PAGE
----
The move capped several months of controversy over the role of the panel members, in particular, Howard Scher, an oncologist at Sloan-Kettering Memorial Cancer Center in New York. Scher was one of two FDA panel members who wrote the agency urging a go-slow approach. It so happens that Scher also serves on the scientific advisory board of ProQuest Investments, a venture capital firm that invested in Novacea, which is developing a rival cancer med.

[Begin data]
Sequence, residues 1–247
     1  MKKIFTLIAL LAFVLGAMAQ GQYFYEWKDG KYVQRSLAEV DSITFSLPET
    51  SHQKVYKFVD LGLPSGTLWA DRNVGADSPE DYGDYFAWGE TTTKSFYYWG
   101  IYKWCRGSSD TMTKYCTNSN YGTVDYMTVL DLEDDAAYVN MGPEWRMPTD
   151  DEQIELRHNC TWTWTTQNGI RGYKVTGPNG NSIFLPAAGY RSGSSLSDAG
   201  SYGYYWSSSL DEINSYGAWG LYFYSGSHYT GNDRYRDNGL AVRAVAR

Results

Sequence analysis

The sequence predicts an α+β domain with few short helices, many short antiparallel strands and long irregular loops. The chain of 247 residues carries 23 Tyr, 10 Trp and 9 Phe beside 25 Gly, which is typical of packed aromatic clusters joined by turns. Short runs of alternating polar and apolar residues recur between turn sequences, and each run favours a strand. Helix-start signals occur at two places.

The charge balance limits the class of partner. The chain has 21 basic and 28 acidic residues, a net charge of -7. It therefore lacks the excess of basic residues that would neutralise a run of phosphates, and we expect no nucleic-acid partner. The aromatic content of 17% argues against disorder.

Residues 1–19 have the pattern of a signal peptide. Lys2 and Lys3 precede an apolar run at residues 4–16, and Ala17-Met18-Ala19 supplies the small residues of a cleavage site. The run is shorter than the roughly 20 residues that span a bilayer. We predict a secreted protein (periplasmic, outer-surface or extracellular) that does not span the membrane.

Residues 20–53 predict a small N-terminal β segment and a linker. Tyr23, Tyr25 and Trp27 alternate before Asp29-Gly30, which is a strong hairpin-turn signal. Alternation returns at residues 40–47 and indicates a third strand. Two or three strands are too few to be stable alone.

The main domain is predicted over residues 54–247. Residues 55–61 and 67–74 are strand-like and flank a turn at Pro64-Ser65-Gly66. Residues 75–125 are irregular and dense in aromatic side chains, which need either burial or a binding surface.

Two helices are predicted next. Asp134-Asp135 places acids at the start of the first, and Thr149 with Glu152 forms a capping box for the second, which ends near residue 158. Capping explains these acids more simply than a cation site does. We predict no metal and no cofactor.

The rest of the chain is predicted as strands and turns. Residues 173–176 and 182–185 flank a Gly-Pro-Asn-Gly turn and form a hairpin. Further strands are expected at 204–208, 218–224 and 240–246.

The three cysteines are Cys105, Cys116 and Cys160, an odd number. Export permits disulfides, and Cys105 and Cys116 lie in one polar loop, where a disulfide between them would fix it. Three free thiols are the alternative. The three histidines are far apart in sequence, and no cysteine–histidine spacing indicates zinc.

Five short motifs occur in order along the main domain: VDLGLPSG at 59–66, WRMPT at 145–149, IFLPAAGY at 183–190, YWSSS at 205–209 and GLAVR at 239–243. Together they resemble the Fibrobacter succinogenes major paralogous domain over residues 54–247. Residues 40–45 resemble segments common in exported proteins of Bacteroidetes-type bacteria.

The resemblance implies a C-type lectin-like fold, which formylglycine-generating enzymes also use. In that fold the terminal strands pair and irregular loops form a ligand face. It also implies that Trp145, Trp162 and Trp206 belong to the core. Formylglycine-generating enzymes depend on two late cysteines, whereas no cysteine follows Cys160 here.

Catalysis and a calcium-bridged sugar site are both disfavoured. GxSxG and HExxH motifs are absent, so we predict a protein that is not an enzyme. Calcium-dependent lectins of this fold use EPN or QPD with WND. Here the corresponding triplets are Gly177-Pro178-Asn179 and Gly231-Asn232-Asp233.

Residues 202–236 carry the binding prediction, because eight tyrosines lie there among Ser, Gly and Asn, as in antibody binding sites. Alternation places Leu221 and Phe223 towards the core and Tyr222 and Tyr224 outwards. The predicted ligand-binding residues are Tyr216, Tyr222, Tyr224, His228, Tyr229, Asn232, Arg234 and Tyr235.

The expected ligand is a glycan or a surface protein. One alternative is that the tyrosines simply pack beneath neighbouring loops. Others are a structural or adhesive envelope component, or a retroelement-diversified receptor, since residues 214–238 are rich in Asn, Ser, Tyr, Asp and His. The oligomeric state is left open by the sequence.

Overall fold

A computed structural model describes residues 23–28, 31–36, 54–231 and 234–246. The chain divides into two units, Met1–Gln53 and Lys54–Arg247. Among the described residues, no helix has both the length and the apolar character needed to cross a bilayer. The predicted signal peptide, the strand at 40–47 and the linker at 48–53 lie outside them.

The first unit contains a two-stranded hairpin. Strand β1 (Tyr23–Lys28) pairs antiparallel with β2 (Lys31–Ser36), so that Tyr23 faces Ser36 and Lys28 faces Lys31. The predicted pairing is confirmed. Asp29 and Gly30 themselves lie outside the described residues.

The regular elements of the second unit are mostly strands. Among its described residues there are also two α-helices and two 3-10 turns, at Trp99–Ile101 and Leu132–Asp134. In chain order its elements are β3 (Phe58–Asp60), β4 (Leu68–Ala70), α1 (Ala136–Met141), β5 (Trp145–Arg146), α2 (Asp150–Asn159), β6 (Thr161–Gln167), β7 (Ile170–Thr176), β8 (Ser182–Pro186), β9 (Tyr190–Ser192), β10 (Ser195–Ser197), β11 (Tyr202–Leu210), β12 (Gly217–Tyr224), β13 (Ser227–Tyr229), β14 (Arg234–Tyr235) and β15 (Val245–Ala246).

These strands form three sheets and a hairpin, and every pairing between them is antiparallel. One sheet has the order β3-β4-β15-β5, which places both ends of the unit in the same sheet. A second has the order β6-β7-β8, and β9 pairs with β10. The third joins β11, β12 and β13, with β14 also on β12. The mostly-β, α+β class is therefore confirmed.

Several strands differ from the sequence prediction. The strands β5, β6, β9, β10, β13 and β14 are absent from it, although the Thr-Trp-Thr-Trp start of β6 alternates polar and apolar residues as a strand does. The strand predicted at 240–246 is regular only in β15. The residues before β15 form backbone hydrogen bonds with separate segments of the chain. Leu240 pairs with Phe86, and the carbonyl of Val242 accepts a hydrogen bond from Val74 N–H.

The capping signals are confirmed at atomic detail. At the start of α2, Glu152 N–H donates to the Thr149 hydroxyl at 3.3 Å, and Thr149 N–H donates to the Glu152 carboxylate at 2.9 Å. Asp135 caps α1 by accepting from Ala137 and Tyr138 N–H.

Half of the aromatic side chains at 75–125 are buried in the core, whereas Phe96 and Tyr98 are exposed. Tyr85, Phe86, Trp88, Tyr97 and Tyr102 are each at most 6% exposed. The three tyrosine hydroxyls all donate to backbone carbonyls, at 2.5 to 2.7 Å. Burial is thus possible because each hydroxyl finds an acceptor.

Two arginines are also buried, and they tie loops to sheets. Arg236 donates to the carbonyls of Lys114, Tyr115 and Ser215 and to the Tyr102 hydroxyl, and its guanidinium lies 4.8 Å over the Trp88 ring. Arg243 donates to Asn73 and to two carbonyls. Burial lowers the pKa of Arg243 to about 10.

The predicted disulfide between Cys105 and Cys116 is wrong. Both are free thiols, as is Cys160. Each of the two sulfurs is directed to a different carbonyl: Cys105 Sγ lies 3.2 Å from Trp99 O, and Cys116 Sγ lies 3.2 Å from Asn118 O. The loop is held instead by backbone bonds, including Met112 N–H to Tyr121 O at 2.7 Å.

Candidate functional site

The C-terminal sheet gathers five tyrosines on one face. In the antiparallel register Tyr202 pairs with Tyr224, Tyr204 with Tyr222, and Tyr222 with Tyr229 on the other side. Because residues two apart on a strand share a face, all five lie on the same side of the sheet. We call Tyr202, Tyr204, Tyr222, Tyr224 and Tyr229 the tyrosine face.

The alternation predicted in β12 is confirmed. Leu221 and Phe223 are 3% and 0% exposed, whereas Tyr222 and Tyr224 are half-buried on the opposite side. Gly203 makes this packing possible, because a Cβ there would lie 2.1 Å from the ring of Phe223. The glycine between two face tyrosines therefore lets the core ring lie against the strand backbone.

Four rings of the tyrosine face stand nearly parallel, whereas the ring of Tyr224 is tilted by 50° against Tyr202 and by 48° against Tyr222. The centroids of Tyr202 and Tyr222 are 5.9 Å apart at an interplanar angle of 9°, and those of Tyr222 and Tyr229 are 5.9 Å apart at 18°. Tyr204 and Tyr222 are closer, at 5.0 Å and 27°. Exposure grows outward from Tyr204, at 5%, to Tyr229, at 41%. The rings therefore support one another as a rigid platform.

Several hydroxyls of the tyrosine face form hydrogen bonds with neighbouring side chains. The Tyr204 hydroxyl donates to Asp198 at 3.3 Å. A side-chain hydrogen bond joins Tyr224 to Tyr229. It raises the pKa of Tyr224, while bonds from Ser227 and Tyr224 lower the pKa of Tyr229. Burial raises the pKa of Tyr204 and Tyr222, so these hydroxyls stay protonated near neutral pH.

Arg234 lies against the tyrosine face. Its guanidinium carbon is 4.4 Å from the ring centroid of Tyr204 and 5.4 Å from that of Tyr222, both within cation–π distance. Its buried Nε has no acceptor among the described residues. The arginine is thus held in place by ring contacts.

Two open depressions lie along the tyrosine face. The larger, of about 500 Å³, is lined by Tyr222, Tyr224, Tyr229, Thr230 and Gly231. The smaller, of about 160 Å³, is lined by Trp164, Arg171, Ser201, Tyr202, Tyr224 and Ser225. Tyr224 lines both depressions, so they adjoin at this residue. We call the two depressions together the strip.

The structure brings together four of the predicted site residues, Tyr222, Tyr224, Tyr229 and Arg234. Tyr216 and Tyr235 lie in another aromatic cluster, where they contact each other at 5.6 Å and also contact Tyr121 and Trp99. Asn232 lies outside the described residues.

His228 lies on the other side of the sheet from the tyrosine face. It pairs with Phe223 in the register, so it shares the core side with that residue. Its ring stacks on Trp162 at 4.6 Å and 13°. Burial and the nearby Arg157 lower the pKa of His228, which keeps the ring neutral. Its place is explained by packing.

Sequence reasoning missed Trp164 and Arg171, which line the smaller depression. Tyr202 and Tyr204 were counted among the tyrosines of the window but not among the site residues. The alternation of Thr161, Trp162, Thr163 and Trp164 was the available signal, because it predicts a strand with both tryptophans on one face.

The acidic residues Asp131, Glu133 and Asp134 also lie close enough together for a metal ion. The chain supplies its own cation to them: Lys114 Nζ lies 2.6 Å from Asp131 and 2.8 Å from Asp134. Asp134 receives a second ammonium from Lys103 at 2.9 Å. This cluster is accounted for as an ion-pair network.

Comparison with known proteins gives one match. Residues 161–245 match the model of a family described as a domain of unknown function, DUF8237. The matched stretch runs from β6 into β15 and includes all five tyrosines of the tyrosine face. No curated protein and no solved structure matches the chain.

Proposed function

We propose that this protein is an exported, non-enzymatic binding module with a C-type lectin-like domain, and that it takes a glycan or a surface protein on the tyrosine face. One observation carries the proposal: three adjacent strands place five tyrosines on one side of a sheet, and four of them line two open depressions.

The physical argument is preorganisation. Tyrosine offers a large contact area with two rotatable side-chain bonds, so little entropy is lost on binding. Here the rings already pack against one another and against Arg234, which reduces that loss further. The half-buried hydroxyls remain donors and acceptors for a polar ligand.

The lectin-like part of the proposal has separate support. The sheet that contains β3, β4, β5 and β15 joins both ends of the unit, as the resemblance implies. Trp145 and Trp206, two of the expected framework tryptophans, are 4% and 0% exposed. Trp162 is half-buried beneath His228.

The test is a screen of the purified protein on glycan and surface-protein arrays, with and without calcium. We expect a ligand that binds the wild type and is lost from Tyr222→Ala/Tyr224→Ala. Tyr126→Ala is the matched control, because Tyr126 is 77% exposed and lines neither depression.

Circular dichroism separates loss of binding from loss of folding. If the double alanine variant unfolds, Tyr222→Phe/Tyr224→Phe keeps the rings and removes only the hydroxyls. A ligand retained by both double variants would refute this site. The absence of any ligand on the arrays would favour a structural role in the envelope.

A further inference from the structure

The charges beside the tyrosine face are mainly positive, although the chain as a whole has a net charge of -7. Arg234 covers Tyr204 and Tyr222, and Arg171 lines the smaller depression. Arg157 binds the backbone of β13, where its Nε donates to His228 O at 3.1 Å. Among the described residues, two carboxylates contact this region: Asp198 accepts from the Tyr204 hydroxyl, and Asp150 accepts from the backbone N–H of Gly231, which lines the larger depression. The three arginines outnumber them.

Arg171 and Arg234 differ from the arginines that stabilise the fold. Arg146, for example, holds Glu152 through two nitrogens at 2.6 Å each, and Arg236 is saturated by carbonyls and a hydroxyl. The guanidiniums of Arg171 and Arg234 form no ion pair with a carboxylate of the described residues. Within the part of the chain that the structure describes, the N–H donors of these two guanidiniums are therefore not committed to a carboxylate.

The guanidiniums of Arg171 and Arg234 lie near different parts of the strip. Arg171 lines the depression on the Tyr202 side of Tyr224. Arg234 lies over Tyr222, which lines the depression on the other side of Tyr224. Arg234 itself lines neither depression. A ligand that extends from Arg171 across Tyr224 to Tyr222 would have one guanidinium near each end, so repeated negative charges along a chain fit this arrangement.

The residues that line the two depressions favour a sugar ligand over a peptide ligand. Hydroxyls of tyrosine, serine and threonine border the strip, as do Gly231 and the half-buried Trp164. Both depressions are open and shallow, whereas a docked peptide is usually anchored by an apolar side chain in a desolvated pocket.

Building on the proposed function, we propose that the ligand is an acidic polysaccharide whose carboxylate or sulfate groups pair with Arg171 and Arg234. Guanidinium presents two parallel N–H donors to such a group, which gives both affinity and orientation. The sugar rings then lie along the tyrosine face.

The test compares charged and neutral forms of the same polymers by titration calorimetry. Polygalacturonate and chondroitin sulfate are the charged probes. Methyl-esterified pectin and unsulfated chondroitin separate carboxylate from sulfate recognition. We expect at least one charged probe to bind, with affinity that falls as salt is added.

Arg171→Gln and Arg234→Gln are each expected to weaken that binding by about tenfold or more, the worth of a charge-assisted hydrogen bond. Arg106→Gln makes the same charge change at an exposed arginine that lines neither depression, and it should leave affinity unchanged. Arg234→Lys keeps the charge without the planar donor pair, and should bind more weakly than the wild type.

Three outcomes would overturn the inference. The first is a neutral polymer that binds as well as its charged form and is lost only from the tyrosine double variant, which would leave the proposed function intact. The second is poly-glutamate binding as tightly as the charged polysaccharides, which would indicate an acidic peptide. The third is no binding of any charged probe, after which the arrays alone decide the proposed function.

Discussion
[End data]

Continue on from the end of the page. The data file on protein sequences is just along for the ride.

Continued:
Apparently, the publicity was too much for ProQuest. Since the congressmen released their Dec. 13 letter, the venture capital firm took down the page on its web site that named the members of its scientific advisory board. And so it's no longer easy to determine that the controversial Scher is affiliated with ProQuest. We've written two senior partners, including Jay Moorin, the founding general partner, for comment, but no one has yet responded. For his part, Scher has kept a very low profile over the past few months, declining to directly answer questions.